Archaeologists said Wednesday that they have found remnants of a 1,600-year-old Byzantine chapel in the Elbeyli district of Kilis, in southern Turkey.
The team also uncovered a Roman floor mosaic and an ancient inscription dating back to the early Byzantine period during excavations.
The ruins were discovered when security forces found out that illegal excavations were being carried out in the rural district of the town of Sağlıcak, and reported the situation to the Provincial Directorate of Culture and Tourism who sent a team of archaeologists to the site.
The mosaic, which has been partially destroyed and taken under protection, is planned to be moved to another area.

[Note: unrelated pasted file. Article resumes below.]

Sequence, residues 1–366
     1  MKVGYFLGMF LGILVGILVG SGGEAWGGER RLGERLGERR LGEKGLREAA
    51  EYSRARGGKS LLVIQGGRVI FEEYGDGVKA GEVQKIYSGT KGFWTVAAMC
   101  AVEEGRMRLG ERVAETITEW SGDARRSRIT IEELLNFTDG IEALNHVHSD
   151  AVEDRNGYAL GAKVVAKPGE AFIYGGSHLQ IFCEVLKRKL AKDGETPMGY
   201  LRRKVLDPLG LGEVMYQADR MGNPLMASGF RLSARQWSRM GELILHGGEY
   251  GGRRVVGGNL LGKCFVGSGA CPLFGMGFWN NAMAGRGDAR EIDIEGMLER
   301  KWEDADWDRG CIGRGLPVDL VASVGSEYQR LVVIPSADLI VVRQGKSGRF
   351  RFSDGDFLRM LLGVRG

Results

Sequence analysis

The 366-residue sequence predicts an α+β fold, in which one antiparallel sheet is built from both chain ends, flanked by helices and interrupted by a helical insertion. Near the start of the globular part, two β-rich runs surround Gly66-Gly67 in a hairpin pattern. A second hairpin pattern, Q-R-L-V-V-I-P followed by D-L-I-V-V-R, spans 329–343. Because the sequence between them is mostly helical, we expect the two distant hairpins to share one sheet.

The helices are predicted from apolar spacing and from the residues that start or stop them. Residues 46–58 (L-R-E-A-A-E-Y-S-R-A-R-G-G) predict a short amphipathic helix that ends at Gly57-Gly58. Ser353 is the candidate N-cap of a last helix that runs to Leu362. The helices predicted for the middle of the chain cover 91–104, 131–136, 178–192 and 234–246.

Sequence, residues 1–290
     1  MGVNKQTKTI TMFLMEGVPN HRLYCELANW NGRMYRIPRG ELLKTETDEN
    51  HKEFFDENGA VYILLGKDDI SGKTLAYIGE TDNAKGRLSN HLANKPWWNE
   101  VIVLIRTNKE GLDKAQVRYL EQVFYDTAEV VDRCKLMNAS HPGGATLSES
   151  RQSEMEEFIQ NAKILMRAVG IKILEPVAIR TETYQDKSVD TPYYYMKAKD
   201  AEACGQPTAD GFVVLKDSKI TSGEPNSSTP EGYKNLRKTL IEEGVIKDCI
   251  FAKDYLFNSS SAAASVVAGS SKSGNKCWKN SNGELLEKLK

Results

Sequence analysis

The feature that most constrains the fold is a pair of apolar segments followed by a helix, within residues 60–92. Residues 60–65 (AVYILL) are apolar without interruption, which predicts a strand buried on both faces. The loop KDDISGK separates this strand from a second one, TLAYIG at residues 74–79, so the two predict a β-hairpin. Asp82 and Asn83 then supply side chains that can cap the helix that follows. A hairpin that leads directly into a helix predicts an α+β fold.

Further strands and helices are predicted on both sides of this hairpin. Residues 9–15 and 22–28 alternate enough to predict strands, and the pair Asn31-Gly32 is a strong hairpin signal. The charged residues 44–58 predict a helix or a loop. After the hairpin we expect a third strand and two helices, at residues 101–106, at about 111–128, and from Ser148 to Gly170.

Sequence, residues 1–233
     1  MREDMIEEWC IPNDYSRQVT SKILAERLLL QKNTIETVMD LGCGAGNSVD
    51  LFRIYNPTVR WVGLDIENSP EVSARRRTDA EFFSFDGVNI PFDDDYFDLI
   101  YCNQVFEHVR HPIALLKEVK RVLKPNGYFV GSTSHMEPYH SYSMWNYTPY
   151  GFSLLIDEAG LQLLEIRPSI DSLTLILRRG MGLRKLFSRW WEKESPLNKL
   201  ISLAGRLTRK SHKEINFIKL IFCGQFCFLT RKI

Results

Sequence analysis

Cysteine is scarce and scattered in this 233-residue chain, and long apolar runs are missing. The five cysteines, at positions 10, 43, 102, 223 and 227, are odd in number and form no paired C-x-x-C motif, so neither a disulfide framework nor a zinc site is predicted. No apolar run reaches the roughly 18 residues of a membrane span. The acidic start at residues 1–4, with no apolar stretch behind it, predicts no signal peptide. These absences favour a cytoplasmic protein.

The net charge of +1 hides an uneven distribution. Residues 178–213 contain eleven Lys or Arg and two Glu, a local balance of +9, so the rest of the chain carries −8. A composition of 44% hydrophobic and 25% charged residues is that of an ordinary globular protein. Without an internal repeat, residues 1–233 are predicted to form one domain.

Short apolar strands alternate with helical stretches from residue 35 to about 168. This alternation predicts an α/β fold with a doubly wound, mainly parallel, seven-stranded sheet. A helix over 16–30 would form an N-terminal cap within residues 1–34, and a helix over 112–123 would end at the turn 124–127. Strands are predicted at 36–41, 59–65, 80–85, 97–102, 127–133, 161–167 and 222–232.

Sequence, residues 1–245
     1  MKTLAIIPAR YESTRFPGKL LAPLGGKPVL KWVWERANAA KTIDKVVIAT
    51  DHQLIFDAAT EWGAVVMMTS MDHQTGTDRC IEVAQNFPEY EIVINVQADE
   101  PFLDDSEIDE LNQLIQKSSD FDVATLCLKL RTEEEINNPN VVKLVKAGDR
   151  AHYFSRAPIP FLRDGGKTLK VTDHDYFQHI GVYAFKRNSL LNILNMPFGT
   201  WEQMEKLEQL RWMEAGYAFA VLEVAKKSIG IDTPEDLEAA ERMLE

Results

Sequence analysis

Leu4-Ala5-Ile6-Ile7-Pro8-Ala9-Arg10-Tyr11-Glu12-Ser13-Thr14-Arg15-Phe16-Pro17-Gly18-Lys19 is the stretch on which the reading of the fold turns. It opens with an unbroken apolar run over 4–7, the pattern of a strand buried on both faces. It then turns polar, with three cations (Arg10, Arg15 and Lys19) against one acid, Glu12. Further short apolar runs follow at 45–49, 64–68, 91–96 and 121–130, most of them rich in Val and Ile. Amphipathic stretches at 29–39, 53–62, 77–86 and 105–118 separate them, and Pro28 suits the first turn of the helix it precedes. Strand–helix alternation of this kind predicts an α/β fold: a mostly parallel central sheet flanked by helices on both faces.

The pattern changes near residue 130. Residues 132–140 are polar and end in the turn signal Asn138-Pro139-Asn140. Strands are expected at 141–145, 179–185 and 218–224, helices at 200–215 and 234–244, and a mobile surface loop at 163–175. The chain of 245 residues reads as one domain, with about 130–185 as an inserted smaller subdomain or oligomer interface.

Excavation work is expected to continue at the site in order to reveal more parts of the mosaic floor, and comprehensive studies will be carried out on it.
Kilis has been home to various civilizations throughout history and is situated in the northwestern part of the Mesopotamian Fertile Crescent.
Previous excavations in the province also revealed traces of Prophet Abraham's stay in the area, as well as a treasure from Alexander the Great. Kilis is also home to the Oylum tumulus, one of the largest in Turkey, with remnants from the Bronze Age, including cuneiform documents and seal stamps of Hittite kings.
Besides its rich and diverse past, Kilis has gained prominence in recent months for welcoming thousands of refugees fleeing the conflict in Syria.